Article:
Crummer Company v. Du Pont, 5 Cir., 223 F.2d 238; Momand v. Universal Film Exchanges, 1 Cir., 172 F.2d 37.
 Steiner v. 20th Century-Fox Film Corp., supra; Momand v. Universal Film Exchanges, 1 Cir., 172 F.2d 37; Burnham Chemical Co. v. Borax Consolidated, 9 Cir., 170 F.2d 569; Baush Mach. Tool Co. v. Aluminum Co. of America, 2 Cir., 79 F.2d 217.
 Steiner v. 20th Century-Fox Film Corp., supra; Suckow Borax Mines Consol. v. Borax Consolidated, 9 Cir., 185 F.2d 196; Park-In Theatres v. Paramount-Richards Theatres, D.C., 90 F. Supp. 727. Cf. Northern Kentucky Tel. Co. v. Southern Bell T. & T. Co., 6 Cir., 73 F.2d 333, 97 A.L.R. 133; Glenn Coal Co. v. Dickinson Fuel Co., 4 Cir., 72 F.2d 885.
 Burnham Chemical Co. v. Borax Consolidated, supra. Cf. Sidney Morris & Co. v. National Ass'n of Stationers, 7 Cir., 40 F.2d 620.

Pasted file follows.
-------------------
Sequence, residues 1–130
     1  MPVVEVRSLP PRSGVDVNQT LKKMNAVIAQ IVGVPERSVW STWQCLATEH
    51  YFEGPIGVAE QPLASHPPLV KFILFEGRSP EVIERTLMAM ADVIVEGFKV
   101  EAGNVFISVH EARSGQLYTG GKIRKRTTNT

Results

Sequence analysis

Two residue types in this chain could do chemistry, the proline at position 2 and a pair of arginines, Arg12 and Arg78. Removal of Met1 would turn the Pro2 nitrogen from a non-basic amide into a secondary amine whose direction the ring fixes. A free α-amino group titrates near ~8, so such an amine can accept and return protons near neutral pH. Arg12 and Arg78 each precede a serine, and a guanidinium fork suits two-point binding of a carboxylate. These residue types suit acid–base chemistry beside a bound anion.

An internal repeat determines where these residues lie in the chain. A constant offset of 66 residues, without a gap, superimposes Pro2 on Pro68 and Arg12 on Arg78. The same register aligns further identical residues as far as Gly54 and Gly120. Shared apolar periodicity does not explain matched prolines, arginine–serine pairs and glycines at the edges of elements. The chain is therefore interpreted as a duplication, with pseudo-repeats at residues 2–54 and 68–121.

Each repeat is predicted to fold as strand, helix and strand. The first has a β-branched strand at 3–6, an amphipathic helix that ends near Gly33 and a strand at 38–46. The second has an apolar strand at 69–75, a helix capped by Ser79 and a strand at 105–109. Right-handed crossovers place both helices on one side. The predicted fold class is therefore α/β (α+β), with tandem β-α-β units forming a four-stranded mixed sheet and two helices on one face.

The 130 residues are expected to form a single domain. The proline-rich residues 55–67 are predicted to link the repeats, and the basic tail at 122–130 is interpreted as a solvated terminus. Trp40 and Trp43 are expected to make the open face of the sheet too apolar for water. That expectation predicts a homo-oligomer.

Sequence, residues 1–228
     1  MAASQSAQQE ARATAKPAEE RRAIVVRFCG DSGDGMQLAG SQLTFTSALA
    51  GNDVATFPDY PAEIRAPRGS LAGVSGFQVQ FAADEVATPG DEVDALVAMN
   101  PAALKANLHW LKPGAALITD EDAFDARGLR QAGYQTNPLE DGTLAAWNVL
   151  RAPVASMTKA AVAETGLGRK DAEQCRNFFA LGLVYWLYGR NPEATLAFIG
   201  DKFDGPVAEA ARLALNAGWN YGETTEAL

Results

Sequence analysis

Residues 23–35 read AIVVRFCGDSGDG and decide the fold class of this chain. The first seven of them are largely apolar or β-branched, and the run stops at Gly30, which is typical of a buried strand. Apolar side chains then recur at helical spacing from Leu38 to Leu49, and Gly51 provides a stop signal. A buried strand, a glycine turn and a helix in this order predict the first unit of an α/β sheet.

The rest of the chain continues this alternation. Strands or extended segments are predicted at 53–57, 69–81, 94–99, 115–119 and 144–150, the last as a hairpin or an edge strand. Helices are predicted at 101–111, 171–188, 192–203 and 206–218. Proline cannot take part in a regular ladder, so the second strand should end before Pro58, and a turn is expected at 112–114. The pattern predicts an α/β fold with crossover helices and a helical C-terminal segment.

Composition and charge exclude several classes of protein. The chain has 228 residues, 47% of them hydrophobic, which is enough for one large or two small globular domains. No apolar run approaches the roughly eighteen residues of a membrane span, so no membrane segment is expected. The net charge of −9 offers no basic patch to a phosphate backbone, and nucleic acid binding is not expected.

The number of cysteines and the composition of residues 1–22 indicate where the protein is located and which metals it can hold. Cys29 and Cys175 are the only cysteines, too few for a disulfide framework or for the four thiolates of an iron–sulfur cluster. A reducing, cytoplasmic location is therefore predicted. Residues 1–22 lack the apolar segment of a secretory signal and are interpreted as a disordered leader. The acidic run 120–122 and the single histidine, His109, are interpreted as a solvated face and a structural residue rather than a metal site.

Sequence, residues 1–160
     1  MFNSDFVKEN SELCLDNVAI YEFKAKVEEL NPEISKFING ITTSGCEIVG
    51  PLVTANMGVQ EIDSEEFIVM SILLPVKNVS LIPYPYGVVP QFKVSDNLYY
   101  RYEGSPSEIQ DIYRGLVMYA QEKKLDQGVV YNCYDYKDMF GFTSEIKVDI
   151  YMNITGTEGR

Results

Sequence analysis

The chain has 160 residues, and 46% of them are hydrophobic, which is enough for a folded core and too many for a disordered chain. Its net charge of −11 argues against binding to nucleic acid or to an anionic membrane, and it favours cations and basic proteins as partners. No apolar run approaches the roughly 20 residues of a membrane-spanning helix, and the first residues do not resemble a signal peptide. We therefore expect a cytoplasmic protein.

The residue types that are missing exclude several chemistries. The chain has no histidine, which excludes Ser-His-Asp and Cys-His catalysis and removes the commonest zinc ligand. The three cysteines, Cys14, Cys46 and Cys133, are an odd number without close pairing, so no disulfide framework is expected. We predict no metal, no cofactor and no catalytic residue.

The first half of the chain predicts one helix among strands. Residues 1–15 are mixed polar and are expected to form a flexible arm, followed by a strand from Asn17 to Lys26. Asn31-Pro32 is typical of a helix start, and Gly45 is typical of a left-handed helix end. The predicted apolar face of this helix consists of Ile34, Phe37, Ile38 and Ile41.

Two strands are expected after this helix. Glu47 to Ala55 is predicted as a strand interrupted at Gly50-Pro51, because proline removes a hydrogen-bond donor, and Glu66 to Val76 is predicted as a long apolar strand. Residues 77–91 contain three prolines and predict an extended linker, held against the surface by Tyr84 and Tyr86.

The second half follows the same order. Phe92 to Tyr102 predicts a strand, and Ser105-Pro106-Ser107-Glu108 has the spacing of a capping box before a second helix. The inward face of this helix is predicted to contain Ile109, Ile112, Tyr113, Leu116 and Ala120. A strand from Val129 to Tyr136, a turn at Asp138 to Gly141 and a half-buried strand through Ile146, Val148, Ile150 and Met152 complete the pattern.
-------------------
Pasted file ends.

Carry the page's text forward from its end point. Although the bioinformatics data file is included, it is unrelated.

Cf. Crummer Company v. Du Pont, supra; Momand v. Universal Film Exchanges, D.C., 43 F. Supp. 996, affirmed 1 Cir., 172 F.2d 37. See Restatement, Torts § 899, Comment d; 34 Am.Jur., Limitation of Actions § 160, § 130, § 131; 39 Am.Jur., Nuisances § 141; but see 34 Am.Jur., Limitation of Actions § 162.
 Burnham Chemical Co. v. Borax Consolidated, supra; Foster & Kleiser Co. v. Special Site Sign Co., 9 Cir., 85 F.2d 742; Baush Mach. Tool Co. v. Aluminum Co. of America, supra; Strout v. United Shoe Machinery Co., D.C., 208 F. 646. See Report of the Attorney General's National Committee to Study the Antitrust Laws (1955), p. 382, Note 72.
 See Bailey v. Glover, 21 Wall. 342, 88 U.S. 342, 22 L. Ed. 636.